Talos’ lead of data strategy and insights has a lot of weight on her shoulders currently, but it’s nothing she’s not used to
Most people who first meet Ashlee Benge do a double take when they hear about her past experience.
The average security practitioner at a networking event may share that they went to school and got a computer science degree, then started poking at code for a few years before making it into the “big leagues.”
Benge’s path is far different as a former astrophysics student, Olympic power lifter and muscle car enthusiast. Yet somehow, she’s ended up as a crucial cog in Talos’ work to help secure Ukraine during Russia’s invasion.
She even jokes that it was an “accident” that she ended up working at Talos in the first place.
Benge wanted to take a few years between receiving her bachelor’s degree in astrophysics and going back for a doctorate, so she started job searching. She eventually applied for a job as an analyst on the Talos detection team, and a recruiter reached out to her asking if it was a mistake. After all, she had no formal cybersecurity experience, though her degree did give her a strong background in coding, database management and data analysis.
After taking an interview, Benge was eventually hired, beginning her cybersecurity journey. She pivoted over time to the Talos Outreach team, writing blog posts and growing as a public speaker, appearing at security conferences to talk about some of her favorite topics, including diversity in hiring in security and making the security field more accessible to women.
Then, she spent some time working with Cisco’s threat hunting team, and eventually made her way back to Talos as the leader of data strategy and insights, using her Talos team members as resources to grow her cybersecurity knowledge.
Today, she’s still pulling in her education from astrophysics and years of experience in security to pull apart massive data sets that turn that into actionable intelligence and information for Talos researchers.
“If all the data that we have at Talos is water, I try to build pipelines and filters to make sure that data is as clean and usable as possible and flows to teams in the best way possible,” Benge said. “A lot of astronomy and astrophysics is mathematical modeling, writing code, working with large datasets — those sorts of analytical skills and problem-solving — these are skills I still use all the time.”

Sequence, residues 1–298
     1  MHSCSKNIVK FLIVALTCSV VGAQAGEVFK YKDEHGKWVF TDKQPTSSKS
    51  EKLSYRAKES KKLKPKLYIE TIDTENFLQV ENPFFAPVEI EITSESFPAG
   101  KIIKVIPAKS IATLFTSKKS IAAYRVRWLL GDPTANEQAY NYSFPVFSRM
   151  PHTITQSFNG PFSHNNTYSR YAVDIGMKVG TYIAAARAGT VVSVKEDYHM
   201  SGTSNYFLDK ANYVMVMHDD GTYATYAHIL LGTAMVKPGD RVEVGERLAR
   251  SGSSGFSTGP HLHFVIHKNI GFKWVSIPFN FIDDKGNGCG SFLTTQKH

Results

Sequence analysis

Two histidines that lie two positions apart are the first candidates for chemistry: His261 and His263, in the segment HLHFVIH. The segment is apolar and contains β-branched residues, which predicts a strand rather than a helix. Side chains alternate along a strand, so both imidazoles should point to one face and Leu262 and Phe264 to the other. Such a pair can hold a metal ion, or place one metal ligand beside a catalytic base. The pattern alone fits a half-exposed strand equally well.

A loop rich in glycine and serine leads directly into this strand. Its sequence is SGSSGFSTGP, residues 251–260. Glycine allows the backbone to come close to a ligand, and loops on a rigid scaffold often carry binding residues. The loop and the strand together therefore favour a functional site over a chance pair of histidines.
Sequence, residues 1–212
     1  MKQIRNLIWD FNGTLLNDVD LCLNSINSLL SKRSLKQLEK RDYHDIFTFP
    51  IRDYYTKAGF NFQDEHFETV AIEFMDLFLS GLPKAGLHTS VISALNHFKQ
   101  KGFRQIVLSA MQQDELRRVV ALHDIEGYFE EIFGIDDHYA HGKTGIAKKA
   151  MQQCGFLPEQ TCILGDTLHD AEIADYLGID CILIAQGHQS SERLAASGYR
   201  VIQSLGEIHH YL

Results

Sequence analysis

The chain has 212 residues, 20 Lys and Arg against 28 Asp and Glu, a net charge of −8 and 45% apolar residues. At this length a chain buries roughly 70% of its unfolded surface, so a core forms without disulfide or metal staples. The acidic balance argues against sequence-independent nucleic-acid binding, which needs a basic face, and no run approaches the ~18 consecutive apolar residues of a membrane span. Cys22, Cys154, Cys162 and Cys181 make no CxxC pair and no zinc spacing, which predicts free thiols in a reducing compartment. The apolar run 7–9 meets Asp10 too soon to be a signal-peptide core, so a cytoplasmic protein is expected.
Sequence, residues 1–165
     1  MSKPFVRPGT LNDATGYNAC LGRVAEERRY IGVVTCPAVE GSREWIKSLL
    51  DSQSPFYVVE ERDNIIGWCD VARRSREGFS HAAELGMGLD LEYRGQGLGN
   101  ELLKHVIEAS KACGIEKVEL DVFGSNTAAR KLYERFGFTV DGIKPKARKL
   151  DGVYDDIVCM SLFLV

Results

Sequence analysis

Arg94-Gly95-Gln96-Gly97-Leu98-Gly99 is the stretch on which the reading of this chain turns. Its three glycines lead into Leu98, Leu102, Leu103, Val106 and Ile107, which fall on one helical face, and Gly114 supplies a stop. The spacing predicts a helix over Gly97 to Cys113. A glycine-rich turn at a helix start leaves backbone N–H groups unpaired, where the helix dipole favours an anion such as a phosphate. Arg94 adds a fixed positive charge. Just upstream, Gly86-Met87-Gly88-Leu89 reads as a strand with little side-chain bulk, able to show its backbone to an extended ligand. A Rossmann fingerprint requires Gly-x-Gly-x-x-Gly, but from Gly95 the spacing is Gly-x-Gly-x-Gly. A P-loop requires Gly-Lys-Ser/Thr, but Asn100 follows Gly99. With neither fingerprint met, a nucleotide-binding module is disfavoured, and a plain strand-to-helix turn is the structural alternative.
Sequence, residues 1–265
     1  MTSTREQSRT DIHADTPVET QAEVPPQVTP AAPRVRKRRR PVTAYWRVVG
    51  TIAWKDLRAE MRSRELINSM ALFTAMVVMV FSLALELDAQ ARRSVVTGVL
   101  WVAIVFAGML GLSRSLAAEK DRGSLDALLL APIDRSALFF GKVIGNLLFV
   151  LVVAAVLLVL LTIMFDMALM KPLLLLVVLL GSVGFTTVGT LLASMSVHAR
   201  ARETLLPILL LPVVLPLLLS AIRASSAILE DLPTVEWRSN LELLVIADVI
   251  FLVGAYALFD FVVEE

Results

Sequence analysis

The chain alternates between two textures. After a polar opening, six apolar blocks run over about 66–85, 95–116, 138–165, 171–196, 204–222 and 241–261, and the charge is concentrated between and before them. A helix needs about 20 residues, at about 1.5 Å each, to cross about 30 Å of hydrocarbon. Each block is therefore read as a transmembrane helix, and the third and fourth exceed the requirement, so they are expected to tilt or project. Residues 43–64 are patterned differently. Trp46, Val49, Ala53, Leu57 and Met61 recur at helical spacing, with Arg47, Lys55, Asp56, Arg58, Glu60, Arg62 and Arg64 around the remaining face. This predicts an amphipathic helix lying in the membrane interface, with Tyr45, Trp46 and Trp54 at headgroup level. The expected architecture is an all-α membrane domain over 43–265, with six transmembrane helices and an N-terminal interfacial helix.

That’s just what’s in her job description, though. Since March, she’s also been part of Talos and Cisco’s massive effort to support Ukraine during Russia’s invasion. Benge used to work for the Cisco Secure Endpoint product team — a service that is currently being offered to any Ukrainian organizations for free. And she’s also currently going back to college to receive her Masters of Business Administration.
Those skills and experience combined set her up to help contribute to the larger team assisting Ukrainian organizations and companies along with J.J. Cummings’ team.
“It puts me in a unique position to be on the operations side of the house. I am facilitating communications around our findings in Ukraine and building out pipelines to our partners, while streamlining all the processes we use to track our work there — all so J.J.’s team can focus on doing their best work,” she said.
Outside of Ukraine, Benge said she hopes that once she finishes her MBA, it will set her up to work more closely with sales- and marketing-related teams to better discuss what it is that Talos does, exactly, and the benefits of building out a strong security program.
“People wonder why on earth I would do this,” she said. “But my academic background is so concentrated in pure science and math that I didn’t have any experience with business or finance. Everyone thinks the work Talos does is cool, of course, but I could tell those stakeholders couldn’t really understand how it affected them as, say, a CISO or someone looking to spend money on security products.”
Given all of that, Benge has a full plate at work, so at home she makes sure to distance herself from her phone and laptop for a bit each day, either by going to her weightlifting gym to work toward her next personal record or competition, or just taking her dog for a walk. She said her current role with Talos offers her the flexibility to work different hours and take time for herself so she can come back to work more effective and focused.
Benge hopes that she can start delivering more public talks and presentations (she’s no stranger to Talos’ livestreams) to share her story and unique background to encourage others to dive right into cybersecurity, regardless of what experience they have.
It’s important to build a diverse team based on demographics, but security teams need to also consider their diversity of backgrounds and experience levels.
“I meet folks who have unique points of view, and they’re interested in security but they’re also really nervous because their background isn’t what would be considered ‘typical,’” she said. “Which is a shame because when you bring these people together from different backgrounds, the work product is more creative, more dynamic and more interesting.”